Julia Child’s L’Omelette Roulee (Rolled Omelette)
I am so excited to be a part of this wonderful celebration with this Julia Child’s L’Omelette Roulee (Rolled Omelette) to pay homage to a fantastic chef and my idol, Julia Child.
I have absolutely loved this woman since I was a child. In fact, I was Julia Child’s child. Since I can remember I have made her recipes. Sometimes cursing her for making me squeeze mushrooms through cheesecloth to remove the extra moisture but always loving her in the end again because the results were fantastic.
Are Julia Child’s Recipes Reliable?
In short YES! I have never had one of Julia’s recipes fail, that I can remember, and trust me I have had countless others fail. This project involves restaurants, chefs, bookstores, and bloggers all celebrating Julia Child and her legacy.
Come and help celebrate with me over the next 100 days leading up to her birthday on Aug. 15. Each Monday we will be given a recipe to celebrate JC100. You can follow along on Facebook. Each Thursday the recipe will also be posted there. You can also follow along on Twitter, Pinterest, and Tumblr.
I am blessed to have The French Chef on DVD so I can watch it again and again. Ken and Amber have watched them with me and we have laughed along with Julia and enjoyed every crumb that has fallen in her kitchen.
She is entertaining, fun, and most of all real. She makes mistakes but corrects them as best she can and moves on. I always think of her saying that you must have the courage of your conviction. So off I went to attempt this technique of a rolled omelette.
I watched the DVD the night before to see her make countless omelettes using this very technique. This is not as much as a recipe as a technique.
My daughter Amber said it was the best omelette she has ever had. She had a second but just had the plain omelette since I was practicing the technique. Plain or filled you will love them. I placed the omelette on an orange runner to celebrate Julia and the gorgeous orange blouse she wore on the episode entitled “The Omelette Show.” Here is how mine turned out.
- 2 eggs, beaten but not frothy
- Salt and pepper to taste
- 1 tsp. water
- 1 Tbsp. butter
- Brie cheese, sliced thinly
- 1/2 Tbsp. chopped fresh tarragon
- 1 Tbsp. chopped fresh parsley
- Mix the eggs with the water, add the salt and pepper to taste.
- Heat the pan (an omelette pan with 7″ in diameter at the bottom) over medium-high heat and place in the Tbsp. butter. Coat the entire pan with butter including up the sides.
- When the foam has subsided and just before the butter starts to turn brown, pour in the eggs. Let the eggs set in the pan for 2-3 seconds then give them a shake.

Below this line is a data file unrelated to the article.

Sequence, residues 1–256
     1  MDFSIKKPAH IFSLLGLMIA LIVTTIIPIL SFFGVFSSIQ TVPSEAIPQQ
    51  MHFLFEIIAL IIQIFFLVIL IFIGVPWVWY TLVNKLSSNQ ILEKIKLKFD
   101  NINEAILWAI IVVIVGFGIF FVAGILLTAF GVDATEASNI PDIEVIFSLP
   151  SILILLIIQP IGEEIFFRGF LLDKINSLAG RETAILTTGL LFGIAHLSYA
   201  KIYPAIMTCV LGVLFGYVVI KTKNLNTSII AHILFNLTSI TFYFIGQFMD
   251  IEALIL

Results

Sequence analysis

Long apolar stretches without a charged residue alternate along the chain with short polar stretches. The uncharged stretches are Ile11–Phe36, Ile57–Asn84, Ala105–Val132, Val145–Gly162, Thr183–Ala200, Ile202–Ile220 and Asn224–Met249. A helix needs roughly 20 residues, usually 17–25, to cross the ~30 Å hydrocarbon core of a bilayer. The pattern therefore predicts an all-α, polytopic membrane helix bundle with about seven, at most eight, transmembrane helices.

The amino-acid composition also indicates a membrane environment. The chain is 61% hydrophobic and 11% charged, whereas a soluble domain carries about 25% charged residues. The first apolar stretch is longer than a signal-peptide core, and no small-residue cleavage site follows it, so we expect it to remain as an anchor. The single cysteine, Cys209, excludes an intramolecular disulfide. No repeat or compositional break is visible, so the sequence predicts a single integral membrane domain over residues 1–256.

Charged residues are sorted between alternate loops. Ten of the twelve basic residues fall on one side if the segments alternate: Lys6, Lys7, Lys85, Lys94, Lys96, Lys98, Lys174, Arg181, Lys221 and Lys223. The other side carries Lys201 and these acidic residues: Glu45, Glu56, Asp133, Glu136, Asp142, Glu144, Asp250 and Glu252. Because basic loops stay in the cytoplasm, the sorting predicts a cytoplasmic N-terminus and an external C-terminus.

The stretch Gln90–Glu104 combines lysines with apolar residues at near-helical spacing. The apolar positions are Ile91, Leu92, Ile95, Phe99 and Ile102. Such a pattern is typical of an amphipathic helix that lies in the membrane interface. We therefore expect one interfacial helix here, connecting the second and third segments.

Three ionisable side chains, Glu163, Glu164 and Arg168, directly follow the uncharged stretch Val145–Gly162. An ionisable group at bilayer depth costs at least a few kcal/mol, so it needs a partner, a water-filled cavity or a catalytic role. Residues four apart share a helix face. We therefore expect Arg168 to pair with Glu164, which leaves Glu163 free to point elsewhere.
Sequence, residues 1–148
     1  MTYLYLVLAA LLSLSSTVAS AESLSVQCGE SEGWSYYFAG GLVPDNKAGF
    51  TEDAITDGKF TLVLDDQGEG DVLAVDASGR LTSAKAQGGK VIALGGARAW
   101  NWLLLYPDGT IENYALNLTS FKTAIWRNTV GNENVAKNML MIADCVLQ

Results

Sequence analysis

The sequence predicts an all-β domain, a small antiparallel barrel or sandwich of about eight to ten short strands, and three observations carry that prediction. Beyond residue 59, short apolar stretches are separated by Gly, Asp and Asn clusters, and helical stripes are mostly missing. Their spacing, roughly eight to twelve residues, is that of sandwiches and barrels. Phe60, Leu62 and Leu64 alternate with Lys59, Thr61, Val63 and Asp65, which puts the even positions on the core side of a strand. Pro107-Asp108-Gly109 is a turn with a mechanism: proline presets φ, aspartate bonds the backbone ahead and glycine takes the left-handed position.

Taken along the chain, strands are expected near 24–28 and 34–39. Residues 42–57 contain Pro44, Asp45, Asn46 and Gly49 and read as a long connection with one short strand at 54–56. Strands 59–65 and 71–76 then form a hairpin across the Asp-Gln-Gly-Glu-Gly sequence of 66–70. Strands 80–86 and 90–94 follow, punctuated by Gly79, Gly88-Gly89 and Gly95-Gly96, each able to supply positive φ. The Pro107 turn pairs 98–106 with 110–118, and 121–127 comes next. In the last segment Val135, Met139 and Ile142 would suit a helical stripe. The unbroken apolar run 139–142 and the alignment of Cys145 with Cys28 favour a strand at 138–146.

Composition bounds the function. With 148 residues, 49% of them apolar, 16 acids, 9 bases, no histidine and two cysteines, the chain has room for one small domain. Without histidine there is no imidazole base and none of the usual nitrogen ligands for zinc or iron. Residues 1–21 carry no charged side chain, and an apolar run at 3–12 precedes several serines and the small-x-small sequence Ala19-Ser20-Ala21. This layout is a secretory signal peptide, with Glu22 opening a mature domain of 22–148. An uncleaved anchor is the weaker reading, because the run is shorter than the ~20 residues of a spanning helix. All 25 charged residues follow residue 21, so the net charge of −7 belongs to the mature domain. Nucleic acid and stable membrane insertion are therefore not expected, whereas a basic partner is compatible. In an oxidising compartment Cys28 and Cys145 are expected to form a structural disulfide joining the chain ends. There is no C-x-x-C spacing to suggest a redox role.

- Now grasp the handle of the pan with both hands, thumbs on top, and immediately begin jerking the pan vigorously and roughly toward you at an even, 20-degree angle over the heat, one jerk per second.
- Keep doing this so that the egg releases itself from the bottom of the pan. After several jerks, the eggs will begin to thicken. Very quickly add the Brie cheese and the tarragon.
- Then increase the angle of the pan slightly which will force the egg mass to roll over on itself with each jerk at the far lip of the pan. As soon as the omelette has shaped, hold it at the angle of the pan to brown slightly.
- Do not overcook, this whole process should take ONLY 20-30 seconds!!! Julia has named this “dinner in half a minute.” The center of the omelette should remain soft and creamy. Plating of this omelette is just as important as the rest of the technique. Hold the plate in your left hand.
- Turn the omelette pan so its handle is to your right. Grasp the handle with your right hand, thumbs on top. Rest the lip of the pan slightly off the center of the plate so that the omelette will land in the center. Then tilt the pan and plate against each other at a 45-degree angle and plate the omelette.
- Garnish with the parsley and serve immediately.
Amount Per Serving:Calories: 343Total Fat: 29gSaturated Fat: 15gTrans Fat: 1gUnsaturated Fat: 12gCholesterol: 431mgSodium: 710mgCarbohydrates: 2gFiber: 0gSugar: 1gProtein: 19g
Recipe calculation was provided by Nutritionix and is estimation only. If you need nutritional calculations for medical reasons, please use a source that you trust.
Excerpted from Mastering the Art of French Cooking by Julia Child. Copyright ©
1961 by Alfred A. Knopf. Reprinted with permission from the publisher Alfred A.
Knopf, a division of Random House, Inc.